There are other lessons too – for example, online learning is testing the technology infrastructure of all colleges and universities and their staff. LMS providers, such as D2L, Canvas, Blackboard, all are seeing dramatic increases in utilization, with Canvas reporting a tenfold increase in video uploading in the first ten days of the lockdown.
We are also discovering our limitations in using technology. Some systems, like Zoom, are intuitive but others are “clunky” and cumbersome. Not all faculty and instructors are good at creating or editing video material for students. Most do not know enough about the functionality of LMS, and only use a few features.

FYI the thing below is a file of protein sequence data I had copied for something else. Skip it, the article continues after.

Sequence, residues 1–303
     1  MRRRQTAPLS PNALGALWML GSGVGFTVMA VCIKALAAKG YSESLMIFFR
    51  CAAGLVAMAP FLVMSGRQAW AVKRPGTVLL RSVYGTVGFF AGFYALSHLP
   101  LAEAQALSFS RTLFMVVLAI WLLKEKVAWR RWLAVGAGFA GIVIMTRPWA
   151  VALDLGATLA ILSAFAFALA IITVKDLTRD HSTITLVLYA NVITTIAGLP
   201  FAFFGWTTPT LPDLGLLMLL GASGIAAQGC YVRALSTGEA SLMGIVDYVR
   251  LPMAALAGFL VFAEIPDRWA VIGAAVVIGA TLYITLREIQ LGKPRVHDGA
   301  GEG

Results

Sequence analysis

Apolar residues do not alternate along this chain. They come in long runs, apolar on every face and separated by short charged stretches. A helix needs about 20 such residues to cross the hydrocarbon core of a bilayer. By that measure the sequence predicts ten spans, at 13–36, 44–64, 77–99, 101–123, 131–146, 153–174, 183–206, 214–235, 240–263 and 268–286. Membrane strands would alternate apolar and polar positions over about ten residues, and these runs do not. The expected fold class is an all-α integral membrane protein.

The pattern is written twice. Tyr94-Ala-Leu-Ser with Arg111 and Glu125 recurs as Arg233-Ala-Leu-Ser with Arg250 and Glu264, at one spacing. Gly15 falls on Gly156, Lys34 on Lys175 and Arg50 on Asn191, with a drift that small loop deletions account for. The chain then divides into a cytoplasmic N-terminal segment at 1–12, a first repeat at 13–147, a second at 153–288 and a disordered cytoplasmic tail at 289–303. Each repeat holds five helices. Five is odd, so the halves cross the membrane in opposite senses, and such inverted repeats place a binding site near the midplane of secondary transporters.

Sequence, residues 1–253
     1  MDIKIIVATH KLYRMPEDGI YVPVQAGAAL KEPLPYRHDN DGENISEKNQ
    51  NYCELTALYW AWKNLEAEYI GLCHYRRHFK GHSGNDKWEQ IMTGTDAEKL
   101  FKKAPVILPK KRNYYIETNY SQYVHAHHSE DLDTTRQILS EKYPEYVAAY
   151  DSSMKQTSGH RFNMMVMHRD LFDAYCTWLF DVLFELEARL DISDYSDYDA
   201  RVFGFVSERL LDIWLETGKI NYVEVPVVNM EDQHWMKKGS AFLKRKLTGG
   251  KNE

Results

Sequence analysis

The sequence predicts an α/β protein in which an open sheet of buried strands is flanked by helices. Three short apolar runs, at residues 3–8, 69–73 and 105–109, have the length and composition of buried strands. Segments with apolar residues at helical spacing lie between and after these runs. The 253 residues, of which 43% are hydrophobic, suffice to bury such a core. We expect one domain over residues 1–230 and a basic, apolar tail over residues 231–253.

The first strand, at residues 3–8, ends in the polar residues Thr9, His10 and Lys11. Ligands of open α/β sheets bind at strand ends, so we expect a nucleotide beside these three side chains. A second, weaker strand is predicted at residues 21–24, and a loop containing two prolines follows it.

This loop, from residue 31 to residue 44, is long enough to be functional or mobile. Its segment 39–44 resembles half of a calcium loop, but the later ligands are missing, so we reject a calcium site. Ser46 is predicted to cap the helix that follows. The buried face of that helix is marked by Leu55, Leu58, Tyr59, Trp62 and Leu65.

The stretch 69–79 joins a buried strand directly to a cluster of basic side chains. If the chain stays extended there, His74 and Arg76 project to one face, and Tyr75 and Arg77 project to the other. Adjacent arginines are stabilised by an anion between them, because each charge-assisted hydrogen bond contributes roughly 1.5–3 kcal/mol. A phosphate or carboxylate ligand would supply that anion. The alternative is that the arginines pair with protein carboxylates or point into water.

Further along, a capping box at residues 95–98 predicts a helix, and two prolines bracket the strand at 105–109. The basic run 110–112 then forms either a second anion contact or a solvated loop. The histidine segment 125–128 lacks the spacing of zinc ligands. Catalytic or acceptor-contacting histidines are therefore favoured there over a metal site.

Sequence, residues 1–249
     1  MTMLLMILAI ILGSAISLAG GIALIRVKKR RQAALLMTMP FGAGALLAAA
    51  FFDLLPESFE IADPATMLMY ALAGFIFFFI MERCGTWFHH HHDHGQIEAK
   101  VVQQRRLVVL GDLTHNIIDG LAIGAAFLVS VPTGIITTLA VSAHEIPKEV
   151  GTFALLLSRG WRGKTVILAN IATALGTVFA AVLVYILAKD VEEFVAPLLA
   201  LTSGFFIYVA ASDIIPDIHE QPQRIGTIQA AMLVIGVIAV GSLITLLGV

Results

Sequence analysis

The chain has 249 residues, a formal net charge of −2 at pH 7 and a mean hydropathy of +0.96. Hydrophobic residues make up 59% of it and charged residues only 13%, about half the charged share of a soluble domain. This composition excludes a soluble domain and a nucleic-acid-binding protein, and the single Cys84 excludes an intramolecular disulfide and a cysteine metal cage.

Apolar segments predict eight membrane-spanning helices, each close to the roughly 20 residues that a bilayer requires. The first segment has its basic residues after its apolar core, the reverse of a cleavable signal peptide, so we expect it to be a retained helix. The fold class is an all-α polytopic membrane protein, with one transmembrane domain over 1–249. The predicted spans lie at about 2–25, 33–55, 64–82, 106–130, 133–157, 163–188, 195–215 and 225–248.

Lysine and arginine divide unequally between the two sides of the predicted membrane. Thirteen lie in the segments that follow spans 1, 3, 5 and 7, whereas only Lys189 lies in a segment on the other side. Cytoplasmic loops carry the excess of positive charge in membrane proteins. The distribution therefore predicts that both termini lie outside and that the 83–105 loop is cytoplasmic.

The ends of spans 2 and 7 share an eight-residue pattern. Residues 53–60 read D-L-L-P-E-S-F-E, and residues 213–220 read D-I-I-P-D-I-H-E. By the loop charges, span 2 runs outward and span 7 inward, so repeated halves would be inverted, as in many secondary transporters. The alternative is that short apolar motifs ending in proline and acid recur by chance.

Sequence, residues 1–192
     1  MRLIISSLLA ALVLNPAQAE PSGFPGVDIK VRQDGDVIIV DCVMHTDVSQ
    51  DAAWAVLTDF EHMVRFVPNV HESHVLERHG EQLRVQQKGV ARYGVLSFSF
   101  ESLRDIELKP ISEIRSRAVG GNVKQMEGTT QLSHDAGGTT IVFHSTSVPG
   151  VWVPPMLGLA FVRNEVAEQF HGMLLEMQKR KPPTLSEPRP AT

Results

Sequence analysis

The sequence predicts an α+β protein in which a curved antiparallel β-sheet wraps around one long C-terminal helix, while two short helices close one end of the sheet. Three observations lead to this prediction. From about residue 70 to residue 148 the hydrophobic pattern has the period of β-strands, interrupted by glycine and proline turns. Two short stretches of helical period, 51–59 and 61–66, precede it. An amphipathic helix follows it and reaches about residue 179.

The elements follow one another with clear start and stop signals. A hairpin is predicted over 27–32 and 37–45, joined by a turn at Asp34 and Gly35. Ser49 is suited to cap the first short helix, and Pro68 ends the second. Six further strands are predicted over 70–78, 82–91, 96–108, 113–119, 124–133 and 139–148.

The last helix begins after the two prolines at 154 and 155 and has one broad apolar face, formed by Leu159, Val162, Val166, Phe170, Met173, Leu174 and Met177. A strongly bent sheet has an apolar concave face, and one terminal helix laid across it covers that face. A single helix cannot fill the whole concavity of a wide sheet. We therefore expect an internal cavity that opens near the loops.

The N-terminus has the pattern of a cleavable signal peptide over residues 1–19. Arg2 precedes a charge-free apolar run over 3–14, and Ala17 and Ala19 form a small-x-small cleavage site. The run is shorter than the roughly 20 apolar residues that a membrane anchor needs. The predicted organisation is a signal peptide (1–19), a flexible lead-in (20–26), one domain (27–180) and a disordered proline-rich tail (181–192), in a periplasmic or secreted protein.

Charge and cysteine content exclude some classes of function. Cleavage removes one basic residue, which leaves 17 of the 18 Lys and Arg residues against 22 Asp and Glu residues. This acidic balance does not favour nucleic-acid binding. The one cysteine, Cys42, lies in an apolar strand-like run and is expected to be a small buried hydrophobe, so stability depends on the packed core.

Not all students are coping well, as a review of student comments in a recent edition of the Canadian news magazine University Affairs makes clear. Some students are unable to work from home with ease and others do not have any access to the required technology at the needed times. One student had to work in the garden shed in the cold, since other spaces were taken by parents and other siblings working from home.
But the five lessons identified above are key lessons in relation to pedagogy – the key focus here.
The lessons learned during this experience of remote teaching have to be addressed. Just as faculty and instructors learn more about a pervasive world of online learning so too will the entire sector have to adjust. Just like colleges and universities are asking their students to learn new skills knowledge and understanding of how to learn, so too do faculty and instructors and educational leaders.